Microsoft gives up on Windows 10 Mobile

Microsoft gives up on Windows 10 Mobile

Microsoft appears to have abandoned its smartphone operating system ambitions after Joe Belfiore (chief of the company’s Windows 10) sent a tweet stating that developing new features and hardware for the Mobile version of the OS was no longer a focus. He also added that he had also switched to Android himself.

Mr Belfiore said that Microsoft would support the many companies that had adopted the platform in terms of bug fixes, security updates, etc.

Windows 10 Mobile tried to attract users by letting them run the same ‘universal apps’ on both their PCs and handsets, but the concept failed to catch on. It has been reported that there wasn’t a wide range of devices running Windows 10 Mobile thus making it unattractive to retailers or operators. Consumers had reported that the operating system didn’t provide as good an experience as Android or iOS.

Mr Belfiore posted Microsoft had tried “very hard” to incentivise other companies to release universal apps – even writing their software for them in some cases – but the number of users had been too low for most to bother.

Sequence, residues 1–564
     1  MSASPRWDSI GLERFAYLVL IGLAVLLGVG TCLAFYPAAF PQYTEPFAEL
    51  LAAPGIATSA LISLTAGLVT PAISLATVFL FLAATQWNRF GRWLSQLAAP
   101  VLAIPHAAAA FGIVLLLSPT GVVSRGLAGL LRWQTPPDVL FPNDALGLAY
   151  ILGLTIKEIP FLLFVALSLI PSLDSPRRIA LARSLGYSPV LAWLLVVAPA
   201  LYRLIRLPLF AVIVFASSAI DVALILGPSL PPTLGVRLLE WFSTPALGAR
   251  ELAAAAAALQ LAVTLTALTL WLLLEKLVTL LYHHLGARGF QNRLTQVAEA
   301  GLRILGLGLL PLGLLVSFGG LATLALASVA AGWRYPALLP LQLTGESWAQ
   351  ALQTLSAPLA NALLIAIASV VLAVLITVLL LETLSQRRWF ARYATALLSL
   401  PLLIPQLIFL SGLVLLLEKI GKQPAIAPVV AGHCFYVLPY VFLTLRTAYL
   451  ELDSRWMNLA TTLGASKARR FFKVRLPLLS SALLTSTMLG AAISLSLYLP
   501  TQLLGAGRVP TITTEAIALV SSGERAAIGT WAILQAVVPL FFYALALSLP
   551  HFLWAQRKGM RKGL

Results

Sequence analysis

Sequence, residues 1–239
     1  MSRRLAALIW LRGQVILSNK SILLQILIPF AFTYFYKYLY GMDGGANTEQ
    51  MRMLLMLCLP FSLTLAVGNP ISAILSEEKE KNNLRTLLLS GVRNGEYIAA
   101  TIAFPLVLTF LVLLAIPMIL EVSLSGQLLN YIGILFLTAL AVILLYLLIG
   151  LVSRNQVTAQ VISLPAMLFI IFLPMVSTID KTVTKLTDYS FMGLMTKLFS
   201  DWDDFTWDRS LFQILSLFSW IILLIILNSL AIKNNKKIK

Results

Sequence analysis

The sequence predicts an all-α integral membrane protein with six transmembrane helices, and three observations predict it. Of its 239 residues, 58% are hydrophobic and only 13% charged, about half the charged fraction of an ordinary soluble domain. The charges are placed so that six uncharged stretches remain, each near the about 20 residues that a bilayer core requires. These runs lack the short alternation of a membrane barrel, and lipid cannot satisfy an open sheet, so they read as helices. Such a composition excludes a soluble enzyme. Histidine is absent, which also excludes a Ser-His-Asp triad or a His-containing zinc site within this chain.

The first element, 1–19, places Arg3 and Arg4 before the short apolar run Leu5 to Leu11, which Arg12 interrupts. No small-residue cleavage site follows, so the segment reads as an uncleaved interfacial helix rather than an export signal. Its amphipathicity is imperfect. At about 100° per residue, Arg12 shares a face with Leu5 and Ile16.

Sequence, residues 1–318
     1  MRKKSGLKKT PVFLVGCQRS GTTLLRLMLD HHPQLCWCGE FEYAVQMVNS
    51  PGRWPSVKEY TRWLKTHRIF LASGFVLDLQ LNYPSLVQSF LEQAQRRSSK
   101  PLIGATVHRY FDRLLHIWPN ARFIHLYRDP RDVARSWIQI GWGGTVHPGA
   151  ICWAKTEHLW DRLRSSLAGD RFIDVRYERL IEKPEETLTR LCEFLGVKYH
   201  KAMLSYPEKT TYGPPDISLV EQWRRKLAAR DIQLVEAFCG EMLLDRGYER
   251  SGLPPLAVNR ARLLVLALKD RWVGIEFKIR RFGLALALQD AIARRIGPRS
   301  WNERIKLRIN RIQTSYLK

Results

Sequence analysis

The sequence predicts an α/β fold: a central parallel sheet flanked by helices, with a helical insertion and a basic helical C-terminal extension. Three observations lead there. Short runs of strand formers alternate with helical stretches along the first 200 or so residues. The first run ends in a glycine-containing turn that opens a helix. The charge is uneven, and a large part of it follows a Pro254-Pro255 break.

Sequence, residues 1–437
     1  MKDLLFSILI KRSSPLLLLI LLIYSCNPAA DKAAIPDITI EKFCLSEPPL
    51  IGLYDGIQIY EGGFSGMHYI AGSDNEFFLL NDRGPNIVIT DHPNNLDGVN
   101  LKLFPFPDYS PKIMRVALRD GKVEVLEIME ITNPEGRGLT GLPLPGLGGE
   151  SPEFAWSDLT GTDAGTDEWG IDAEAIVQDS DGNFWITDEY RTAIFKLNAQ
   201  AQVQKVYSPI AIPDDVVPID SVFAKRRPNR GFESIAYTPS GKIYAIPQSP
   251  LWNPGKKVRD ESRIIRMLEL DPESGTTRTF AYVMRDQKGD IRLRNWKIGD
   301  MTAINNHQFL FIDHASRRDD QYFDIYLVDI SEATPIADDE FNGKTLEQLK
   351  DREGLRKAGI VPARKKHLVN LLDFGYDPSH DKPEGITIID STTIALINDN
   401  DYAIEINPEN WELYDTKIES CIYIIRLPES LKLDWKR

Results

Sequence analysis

bbc.co.uk/technews (10th October 2017)

 

Equifax  reveals extent of security breach

Equifax reveals extent of security breach

Equifax has revealed the extent of a security breach that occurred earlier this year. It is thought that 2.5 million more Americans than previously thought may have had information compromised in the huge cyber security breach at the firm. This means that a total of 145.5 million customers were affected.

Critics say that the company failed to take proper steps to guard information – such as Social Security numbers, birth dates and addresses – and waited too long to inform the public.

Equifax disclosed the attack last month, estimating that around 400,000 Britons and 100,000 Canadians may also have had data compromised.

Richard Smith, former boss of Equifax, is to testify in Congress about the attack. He apologised ahead of the hearing for the firm’s failing and urged the US to adopt new standards for customer credit information. Mr smith said that the attack made him believe that consumers should have sole control over when their credit information may be accesses.

Mr Smith also offered a timeline of events of the incident –

  • first attack occurred in May – with hackers taking advantage of a software vulnerability that Equifax was warned about in March and did not address
  • An intrusion was identified on the 29th July
  • An investigation ordered by the company revealed the enormity of the attack by mid-August

Mr Smith said Equifax faced a huge task to prepare to respond to customers. The firm was overwhelmed by calls after the breach became public and faced problems with the website it created to address customer complaints.

Equifax holds data on more than 820 million consumers as well as information on 91 million businesses.

www.bbc.co.uk/technews (2nd October)